A screen tower displays the flags of the G20 countries at the G20 Summit. Image Credit: AFP

After a week of overcast skies, the weekend in Seoul, South Korea, promises to be sunny and warm.

That is a much deserved respite for a city as the G20 Seoul Summit drew to a close and a global contingent of bureaucrats, ministers, presidents and prime ministers, demonstrators and putative saboteurs head home.

The Seoul meet that culminated with a Seoul Declaration will be remembered for the consensus that the need of the hour was the following: a "market-determined exchange rate systems" that allowed for the "exchange rate flexibility to reflect underlying economic fundamentals" and saw the importance of "refraining from competitive devaluation of currencies".

These are wolf-whistles to observers and markets that an active effort to change global exchange rate policies is ongoing but nothing concrete just yet! Seoul will be remembered, as a place where things could have gotten worse, but didn't.

In this, the maturity shown by the South Koreans to tamp down expectations before the event and to wriggle out an agreement by the end — however lukewarm — ought to be studied by future multilateral event coordinators and power brokers.

Last week, when the G20 met the nature of the world that has transformed dramatically from the early days of 1973 when it all began in Washington DC. Today, the countries of the group command in excess of 80 per cent of the world's trade and 85 per cent of global Gross National Product.

Concurrently, the industrialised world — America and Europe — find themselves in the unique position where in, not only do they have to deal with the intransigence of rising economic powers but also have to tackle long term domestic structural reforms.

Aging demographic

All of these problems are compounded by an ageing demographic and in America, the emergence of a recalcitrant legislative situation that strains the idea of bipartisan consensus.

To muddy the waters further, global capital flows have found alternate places to earn higher yields — be it in India, China or Brazil; all of whom increasingly see the West as equals.

Rising popular consciousness in democracies, and even in authoritarian systems, courtesy electronic media and sophisticated civil society, ensure that the political elite of the emerging markets cannot pawn the house silver to sup at the high table of global finance. In essence, a new global reality of increased negotiations on an equal footing is upon us.

The Seoul meeting began with a fair amount of public posturing. The Americans insisted that the Yuan's managed exchange rate were the root cause of the global capital imbalances.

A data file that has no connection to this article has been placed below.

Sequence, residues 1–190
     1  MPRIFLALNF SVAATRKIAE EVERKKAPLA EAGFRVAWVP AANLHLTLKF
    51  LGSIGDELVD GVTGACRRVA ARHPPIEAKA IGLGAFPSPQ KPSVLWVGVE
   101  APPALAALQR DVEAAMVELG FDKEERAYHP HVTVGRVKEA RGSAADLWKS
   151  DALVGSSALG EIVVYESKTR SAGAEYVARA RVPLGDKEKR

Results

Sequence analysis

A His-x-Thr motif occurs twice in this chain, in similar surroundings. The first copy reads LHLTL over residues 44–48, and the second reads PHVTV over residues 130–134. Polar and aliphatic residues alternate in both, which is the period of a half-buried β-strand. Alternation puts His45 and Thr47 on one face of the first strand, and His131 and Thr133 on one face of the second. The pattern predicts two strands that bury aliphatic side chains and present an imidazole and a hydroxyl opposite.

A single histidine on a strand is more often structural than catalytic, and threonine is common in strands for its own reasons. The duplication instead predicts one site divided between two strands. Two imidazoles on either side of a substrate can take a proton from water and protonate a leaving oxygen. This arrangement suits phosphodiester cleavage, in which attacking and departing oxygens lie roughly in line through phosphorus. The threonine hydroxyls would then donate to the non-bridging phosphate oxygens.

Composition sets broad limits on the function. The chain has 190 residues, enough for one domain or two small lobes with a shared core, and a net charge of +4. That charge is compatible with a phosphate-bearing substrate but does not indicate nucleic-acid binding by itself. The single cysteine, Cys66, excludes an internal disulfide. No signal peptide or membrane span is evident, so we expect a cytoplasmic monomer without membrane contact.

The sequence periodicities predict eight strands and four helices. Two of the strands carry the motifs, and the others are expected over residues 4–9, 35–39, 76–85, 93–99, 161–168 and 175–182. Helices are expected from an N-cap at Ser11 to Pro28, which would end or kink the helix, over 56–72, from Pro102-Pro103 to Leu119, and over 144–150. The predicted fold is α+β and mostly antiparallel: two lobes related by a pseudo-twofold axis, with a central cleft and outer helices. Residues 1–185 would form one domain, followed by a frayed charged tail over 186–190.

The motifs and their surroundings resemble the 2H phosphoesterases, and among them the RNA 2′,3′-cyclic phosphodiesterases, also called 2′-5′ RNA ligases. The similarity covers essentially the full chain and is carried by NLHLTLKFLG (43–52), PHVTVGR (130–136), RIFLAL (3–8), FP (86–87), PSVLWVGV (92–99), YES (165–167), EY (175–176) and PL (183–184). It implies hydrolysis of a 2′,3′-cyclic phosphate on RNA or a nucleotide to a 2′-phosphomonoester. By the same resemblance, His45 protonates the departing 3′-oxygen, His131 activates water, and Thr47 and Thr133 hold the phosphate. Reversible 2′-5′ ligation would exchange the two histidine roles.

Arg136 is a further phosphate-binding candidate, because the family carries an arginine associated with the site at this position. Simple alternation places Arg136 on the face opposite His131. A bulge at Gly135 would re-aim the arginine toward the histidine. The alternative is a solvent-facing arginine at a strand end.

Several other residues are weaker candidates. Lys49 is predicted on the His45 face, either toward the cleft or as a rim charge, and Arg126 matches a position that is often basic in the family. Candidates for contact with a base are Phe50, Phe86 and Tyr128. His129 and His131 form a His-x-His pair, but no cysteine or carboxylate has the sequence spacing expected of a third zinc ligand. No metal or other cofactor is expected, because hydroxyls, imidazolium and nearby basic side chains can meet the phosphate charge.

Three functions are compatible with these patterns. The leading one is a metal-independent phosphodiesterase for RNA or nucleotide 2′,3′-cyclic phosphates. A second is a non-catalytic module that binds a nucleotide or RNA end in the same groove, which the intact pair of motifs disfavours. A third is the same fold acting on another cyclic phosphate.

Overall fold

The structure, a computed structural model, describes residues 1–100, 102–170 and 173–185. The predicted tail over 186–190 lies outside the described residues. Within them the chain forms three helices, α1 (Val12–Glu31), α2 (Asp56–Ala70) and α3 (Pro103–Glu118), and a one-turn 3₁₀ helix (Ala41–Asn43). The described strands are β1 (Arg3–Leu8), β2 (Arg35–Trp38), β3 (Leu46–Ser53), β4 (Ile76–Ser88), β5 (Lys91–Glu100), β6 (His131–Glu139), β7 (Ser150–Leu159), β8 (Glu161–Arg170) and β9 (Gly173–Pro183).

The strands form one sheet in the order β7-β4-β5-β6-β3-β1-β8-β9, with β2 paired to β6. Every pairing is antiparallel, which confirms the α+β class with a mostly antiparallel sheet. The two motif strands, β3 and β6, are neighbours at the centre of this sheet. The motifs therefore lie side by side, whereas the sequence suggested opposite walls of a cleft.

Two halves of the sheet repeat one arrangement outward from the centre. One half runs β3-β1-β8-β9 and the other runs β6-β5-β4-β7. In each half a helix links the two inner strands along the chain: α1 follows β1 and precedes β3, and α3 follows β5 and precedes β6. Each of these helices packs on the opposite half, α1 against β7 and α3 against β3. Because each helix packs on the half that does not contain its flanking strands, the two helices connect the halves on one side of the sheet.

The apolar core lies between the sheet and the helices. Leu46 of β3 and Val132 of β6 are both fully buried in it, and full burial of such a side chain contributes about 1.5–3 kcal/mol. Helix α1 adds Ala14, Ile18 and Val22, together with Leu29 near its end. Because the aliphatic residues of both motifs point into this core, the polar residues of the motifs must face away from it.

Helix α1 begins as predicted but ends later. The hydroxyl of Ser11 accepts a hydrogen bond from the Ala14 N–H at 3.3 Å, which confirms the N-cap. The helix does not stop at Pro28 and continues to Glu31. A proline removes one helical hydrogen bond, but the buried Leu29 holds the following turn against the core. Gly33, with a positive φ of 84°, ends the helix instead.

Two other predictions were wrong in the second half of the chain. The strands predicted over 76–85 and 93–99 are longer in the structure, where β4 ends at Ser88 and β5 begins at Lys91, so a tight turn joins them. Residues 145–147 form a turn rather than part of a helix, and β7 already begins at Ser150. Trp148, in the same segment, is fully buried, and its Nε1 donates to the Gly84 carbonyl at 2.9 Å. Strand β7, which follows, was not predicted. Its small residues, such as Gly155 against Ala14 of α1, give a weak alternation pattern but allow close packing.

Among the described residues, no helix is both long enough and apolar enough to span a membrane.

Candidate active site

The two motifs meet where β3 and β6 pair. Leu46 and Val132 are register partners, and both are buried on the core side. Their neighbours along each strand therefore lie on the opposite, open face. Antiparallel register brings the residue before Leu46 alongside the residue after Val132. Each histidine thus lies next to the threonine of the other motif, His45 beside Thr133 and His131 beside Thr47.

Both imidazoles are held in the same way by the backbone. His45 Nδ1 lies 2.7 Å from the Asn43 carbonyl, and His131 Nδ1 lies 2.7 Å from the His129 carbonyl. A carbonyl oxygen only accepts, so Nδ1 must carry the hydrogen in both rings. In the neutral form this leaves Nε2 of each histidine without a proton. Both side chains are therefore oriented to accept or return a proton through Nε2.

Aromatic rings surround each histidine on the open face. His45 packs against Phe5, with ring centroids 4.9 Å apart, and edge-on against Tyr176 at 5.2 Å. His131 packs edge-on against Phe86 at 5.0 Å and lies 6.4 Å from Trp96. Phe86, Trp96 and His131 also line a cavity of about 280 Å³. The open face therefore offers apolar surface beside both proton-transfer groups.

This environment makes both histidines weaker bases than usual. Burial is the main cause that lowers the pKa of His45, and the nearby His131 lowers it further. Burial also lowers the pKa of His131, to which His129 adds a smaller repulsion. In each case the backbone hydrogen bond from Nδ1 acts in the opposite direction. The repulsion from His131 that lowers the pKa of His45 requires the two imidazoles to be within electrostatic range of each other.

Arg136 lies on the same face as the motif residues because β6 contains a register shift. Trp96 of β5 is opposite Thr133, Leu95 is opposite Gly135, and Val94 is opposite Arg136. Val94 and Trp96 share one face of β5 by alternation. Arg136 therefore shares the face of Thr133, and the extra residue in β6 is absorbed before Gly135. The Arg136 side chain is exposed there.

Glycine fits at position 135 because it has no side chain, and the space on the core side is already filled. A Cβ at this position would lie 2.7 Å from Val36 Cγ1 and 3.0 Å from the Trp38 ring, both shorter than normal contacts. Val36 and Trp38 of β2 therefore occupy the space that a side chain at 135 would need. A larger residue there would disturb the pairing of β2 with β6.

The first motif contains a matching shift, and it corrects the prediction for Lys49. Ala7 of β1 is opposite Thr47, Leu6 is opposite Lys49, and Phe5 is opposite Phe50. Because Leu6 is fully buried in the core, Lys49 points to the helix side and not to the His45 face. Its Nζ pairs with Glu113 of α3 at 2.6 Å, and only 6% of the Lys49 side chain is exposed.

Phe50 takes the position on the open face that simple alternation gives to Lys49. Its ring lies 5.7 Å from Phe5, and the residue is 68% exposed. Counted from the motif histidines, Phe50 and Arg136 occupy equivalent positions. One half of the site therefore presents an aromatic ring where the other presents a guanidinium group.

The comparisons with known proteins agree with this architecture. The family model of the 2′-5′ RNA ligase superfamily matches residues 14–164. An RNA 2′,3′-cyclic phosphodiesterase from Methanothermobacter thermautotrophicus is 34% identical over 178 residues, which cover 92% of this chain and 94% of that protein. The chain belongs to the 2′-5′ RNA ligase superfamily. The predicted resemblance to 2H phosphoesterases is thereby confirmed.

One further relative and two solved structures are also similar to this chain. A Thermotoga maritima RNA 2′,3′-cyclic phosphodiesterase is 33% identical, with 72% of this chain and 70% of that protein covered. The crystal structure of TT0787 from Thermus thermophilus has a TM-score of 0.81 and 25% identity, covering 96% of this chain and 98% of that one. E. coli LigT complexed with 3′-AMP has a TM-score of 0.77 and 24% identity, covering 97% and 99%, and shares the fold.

In response, the Chinese and Germans responded that the American policy directives such as the Quantitative Easing programme poses great danger than understood. It is, naturally, difficult to ascertain how much of this is an instance of public diplomacy and what is for their own domestic consumption.

Nevertheless, it is clear the major parties arrived at this meet with considerable baggage.

One of the "successes" of Seoul was the G20 "endorsing a timetable" that would facilitate a rethink and rework the international regulatory framework for banks. The G20's exact proposals, whatever they may be, are to be implemented by the Financial Stability Board.

As per available reports (Financial Times) before the meeting itself there was consensus that any regulatory efforts would only affect the institutions that span jurisdictional boundaries.


As bizarre as it may seem, one cannot but wonder if this idea sets up perverse incentives for the banks. Consider, a small bank that is tightly regulated in a domestic market may find it optimal to expand its operations across borders, solely as an act of regulatory dodge to be reclassified.

This may particularly be the case, should the global regulatory agency have limited ability to enforce the stipulations of Basel 3. One critical point that finds little mention is the impact of increased capital requirements. As Ricardo Caballero at MIT has effectively argued, the world has one singular shortage: of quality collateral.

As banks become bigger, span countries with reduced abilities to monitor and extract information (think Citibank in Pakistan) — these countries are likely to impose greater demands for "quality" collateral and raise its price.

There also remains the eternally vexing issue of bankruptcy, which remains within local realm of commercial law. And any global law that tries to address this runs into the intractable tension between the sovereignty of the State versus the stability of the global financial system.

Seoul provides no clear answer, or even guidance. Perhaps because while everyone agrees on what the ailment is, no one knows what the exact cure ought to be.

At the heart of all the public acrimony that we saw at the beginning of the summit — two disagreements loom large. One, whether China is fixing the exchange rates to unduly boost its exports; and two, whether the US's ambitious "quantitative easing" was inflationary with global consequences.